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Queen Creek, AZ (Menu)
Town Of Queen Creek Founding Fathers

From Farmland to Family-Friendly Haven: A Look at Queen Creek’s History

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Queen Creek, Arizona, boasts a rich history, evolving from a desert crossroads to a thriving community. Let’s explore its past, agricultural roots, and transformation into a modern town.

Early Beginnings: A Watery Oasis

Queen Creek’s story starts with the life-giving water source that carves through the Sonoran Desert. Originally Picket Post Creek, it was renamed Queen Creek after the nearby Silver Queen Mine. This vital waterway attracted early inhabitants, including Native American communities and homesteaders seeking fertile land.

The Rise of Rittenhouse and the Agricultural Boom

The early 20th century saw the arrival of C.H. Rittenhouse, who established the Queen Creek Farms Company in 1919. Rittenhouse constructed a crucial railroad stop, “Rittenhouse,” which became the nucleus of the growing community. Farms flourished, producing cotton, corn, and potatoes, laying the foundation for Queen Creek’s agricultural identity.

A Changing Landscape: Growth and Transformation

In the 1920s, an influx of immigrants played a vital role in the local cotton industry. Later, German prisoners of war and Filipino immigrants joined the agricultural workforce. As the decades progressed, Queen Creek witnessed a gradual shift. The once-dominant railroad stop receded in importance, and the community officially adopted Queen Creek as the community’s name.

Early Settlers and Their Legacy

The Town of Queen Creek was founded by enterprising individuals who recognized the area’s potential for agricultural development. Among these early pioneers were Charles Rittenhouse, the Sossaman Family, and the Schnepf Family, whose names immortalize the Town’s street names and landmarks.

Charles Rittenhouse was one of the Town’s earliest settlers and played a significant role in its development. Rittenhouse Road, a major thoroughfare in Queen Creek, is named in his honor, serving as a lasting tribute to his contributions to the community.

The Sossaman Family, Jasper, and Nancy Sossaman and their three sons, moved to the Queen Creek area in 1914. The family was awarded two homesteads to develop. Sossaman Family Farm is a fifth-generation, 100-plus-year-old farm that still operates, currently specializing in ancient grains. The family members who work the farm to this day were and continue to be an integral part of the Town’s development and future.

The Schnepf Family is another essential family in Queen Creek’s history. They are known for their extensive farming operations and contributions to the local economy. Schnepf Farms, a popular agritourism destination in Queen Creek, is a testament to the family’s legacy and commitment to preserving the Town’s agricultural heritage.

Incorporation and Beyond Embracing the Future

On September 5, 1989, Queen Creek became a formally incorporated town, marking a new chapter focusing on planned growth and development. Award-winning plans ensured Queen Creek’s transformation into a family-friendly haven. Today, the Town celebrates its heritage while embracing innovation, offering residents a high quality of life.

The Town of Queen Creek, Arizona: Founding Members

The Queen Creek Five—Robert Eberle, Paul Gardner, Ralph Pomeroy, Mark Schepf, and Steve Sossaman—are the Founding Fathers of The Town of Queen Creek. They were residents of the Town when it was incorporated in 1989. The five men recognized the rapid growth of the area. They took action by incorporating it into a town to preserve its character and sense of community.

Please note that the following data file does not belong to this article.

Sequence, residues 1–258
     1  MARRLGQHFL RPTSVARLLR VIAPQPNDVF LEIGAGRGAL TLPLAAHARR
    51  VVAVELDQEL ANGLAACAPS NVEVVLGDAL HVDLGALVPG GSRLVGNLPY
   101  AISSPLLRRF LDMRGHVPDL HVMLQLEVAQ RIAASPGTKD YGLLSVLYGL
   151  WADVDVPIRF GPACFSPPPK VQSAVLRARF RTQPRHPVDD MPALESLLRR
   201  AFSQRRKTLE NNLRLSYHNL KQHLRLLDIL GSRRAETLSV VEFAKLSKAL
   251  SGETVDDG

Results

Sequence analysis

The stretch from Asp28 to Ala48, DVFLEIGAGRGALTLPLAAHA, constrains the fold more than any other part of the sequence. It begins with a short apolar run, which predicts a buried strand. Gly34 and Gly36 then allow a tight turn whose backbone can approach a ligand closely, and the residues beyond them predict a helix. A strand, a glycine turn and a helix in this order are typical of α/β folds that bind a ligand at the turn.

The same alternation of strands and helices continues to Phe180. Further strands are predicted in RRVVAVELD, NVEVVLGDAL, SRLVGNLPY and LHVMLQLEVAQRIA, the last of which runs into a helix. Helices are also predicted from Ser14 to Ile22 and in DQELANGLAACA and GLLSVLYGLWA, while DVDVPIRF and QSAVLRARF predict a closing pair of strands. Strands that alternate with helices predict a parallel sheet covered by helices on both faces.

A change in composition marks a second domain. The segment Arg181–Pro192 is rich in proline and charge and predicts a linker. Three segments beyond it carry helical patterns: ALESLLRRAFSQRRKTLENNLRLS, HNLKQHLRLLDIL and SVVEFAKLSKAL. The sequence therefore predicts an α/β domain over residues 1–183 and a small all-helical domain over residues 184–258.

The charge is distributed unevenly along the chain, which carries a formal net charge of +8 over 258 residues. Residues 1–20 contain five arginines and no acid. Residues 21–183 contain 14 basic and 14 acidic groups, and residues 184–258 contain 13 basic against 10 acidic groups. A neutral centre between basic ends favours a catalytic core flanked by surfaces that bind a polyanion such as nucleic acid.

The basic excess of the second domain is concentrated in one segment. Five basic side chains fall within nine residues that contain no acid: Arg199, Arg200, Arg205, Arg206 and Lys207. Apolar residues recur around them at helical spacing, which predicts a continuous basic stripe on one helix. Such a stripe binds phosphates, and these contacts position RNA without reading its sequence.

Preserving the Legacy

Today, Queen Creek continues to honor its founders and early pioneers through its street names, landmarks, and schools, ensuring their contributions to the Town’s history are remembered and celebrated. As the Town grows and evolves, it remains committed to preserving its rich heritage and small-town charm, ensuring that the legacy of its founders lives on for future generations to appreciate.

In addition to Rittenhouse Road and Sossaman Road, Queen Creek boasts several streets named after its founding families and prominent figures. These include Ellsworth Road, named after the Ellsworth Brothers, who were among the first businessmen to help develop the area, and Hawes Road, named after the Hawes family, who also played a significant role in the Town’s early development. Other street names named after early settlers include Germann, Power, Crismon, and Combs.

Frances Brandon-Picket Elementary School is in The Villages neighborhood of Queen Creek, AZ. It is named after Frances Brandon-Picket, who was born in Queen Creek, then Rittenhouse, in 1927 during the area’s early settlement era. Frances and her family were true original settlers to the community. Frances’ legacy of influencing Queen Creek lives on through her namesake elementary school.

Other notable Queen Creek settlers and pioneers are the Barney and Valenzuela families, Taylor Gardner, Mansel Carter, and Marion Kennedy.

Traces of the Past: A Look Back

Queen Creek’s history is still visible today. The San Tan Historical Society, housed in the Old Rittenhouse Elementary School (built in 1925), preserves the Town’s legacy. The 1900s Railroad Water Tank on Rittenhouse Road is a reminder of the bygone era.

Queen Creek’s journey from a desert outpost to a flourishing town is a testament to its resilience and spirit. As the Town continues to evolve, it carries its rich history forward, shaping a bright future for its residents.

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